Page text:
Sen. John Fonfara, D-Hartford, co-chairman of the Finance Committee.
Sen. John Fonfara, D-Hartford

The two-year state budget the Senate is scheduled to debate Wednesday evening relies on tax and fee hikes worth just over $1 billion over the biennium.

The Finance, Revenue and Bonding Committee adopted a new revenue schedule in anticipation of that debate that reflects those tax increases.

The committee plan also anticipates sweeping $87.5 million per year from energy conservation funds, much of which are supported by surcharges on consumers’ monthly utility bills. Those sweeps include $14 million taken annually from the Green Bank program, which uses the money raised from consumers to leverage much larger private investments.

The revenue schedule was adopted by a vote of 33 to 2 with 16 committee members absent, many of them Republicans. The chairs held the vote open until the Senate convenes so those absent could vote.

The finance panel doesn’t adopt specific revenue changes. But the schedule was based on a series of tax and fee hikes that would raise $494 million this fiscal year and $535 million in 2018-19.

The single-largest hike, a $344 million tax increase on hospitals, would be returned in full to the industry — plus more — to leverage hundreds of millions in new federal Medicaid reimbursements.

If that tax hike is not counted, the overall increase falls to $150 million this fiscal year, $191 million in 2018-19, or $341 million over the biennium.

“I’m proud of this day,” said Sen. John Fonfara of Hartford, the Senate Democratic chair of the committee, who praised lawmakers who participated in bipartisan budget talks. “I witnessed the sincerity in what went on, on both sides. I’m proud to be a legislator here in Connecticut.”

Rep. Christopher Davis, R-Ellington Keith M. Phaneuf / file photo

Rep. Chris Davis of Ellington, ranking GOP representative on the committee, said “there’s always give and take” when reaching a bipartisan compromise on a difficult budget.

Analysts say state finances, unless adjusted, will run $1.6 billion in deficit this fiscal year and $1.9 billion in the red in 2018-19.

Other tax increases in the plan include:

  • $90.3 million to be raised annually by scaling back income tax credits for middle-income and working poor filers.
  • A 45-cents per pack increase in the cigarette tax and a related increase on levies for snuff and other tobacco products.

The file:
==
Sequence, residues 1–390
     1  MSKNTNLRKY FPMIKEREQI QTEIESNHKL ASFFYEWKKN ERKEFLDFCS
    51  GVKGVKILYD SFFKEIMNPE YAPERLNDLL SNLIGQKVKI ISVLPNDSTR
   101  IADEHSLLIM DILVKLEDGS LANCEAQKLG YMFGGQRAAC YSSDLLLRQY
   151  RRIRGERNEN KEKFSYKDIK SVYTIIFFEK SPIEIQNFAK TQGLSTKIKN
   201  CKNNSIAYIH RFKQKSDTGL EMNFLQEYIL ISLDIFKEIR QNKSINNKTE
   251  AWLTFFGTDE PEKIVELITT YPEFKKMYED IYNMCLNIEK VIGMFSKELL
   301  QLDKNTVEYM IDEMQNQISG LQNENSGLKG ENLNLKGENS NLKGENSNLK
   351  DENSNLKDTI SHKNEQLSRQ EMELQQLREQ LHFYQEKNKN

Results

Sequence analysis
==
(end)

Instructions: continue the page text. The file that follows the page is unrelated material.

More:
• $10 million to be raised in 2018-19 by reducing tax credits to be identified later by the legislature.
  • And restoration of an earlier proposal to tax fantasy sports betting, beginning in the 2018-19 fiscal year.

“It’s more important to me what we were able to accomplish in this budget,” Davis said, citing several tax cuts.

These include:

  • Phasing new federal estate tax exemption levels into the Connecticut estate tax starting in 2018-19.
  • Increasing the state income tax exemption for Social Security earnings and creating a new one for certain annuity and pension earnings in the second year of the new budget.
  • Lowering the insurance premium tax rates, which would cost the state $11 million in the first year and $24 million in the second.

Davis added that he also is pleased the legislature scrapped earlier proposals to create a new state property tax on second homes and to add new surcharges on restaurant transactions and on cell phone bills.

Sen. Len Suzio, R-Meriden

Sen. Len Suzio, R-Meriden, opposed the package, saying it is too similar to past flawed budgets that relied on tax hikes.

“It’s just a repeat of the mistakes the legislature has been making for the past umpteen years,” he said. “I will not be a part of it.”

Sen. Toni Boucher, R-Wilton, who also opposed the revenue schedule because of the related tax hikes, objected to sweeping consumer surcharges paid to support energy conservation and using those dollars to support the General Fund.

“That’s just downright wrong,” she said.

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Keith M. PhaneufState Budget Reporter

Keith has spent most of his 31 years as a reporter specializing in state government finances, analyzing such topics as income tax equity, waste in government and the complex funding systems behind Connecticut’s transportation and social services networks. He has been the state finances reporter at CT Mirror since it launched in 2010. Prior to joining CT Mirror Keith was State Capitol bureau chief for The Journal Inquirer of Manchester, a reporter for the Day of New London, and a former contributing writer to The New York Times. Keith is a graduate of and a former journalism instructor at the University of Connecticut.

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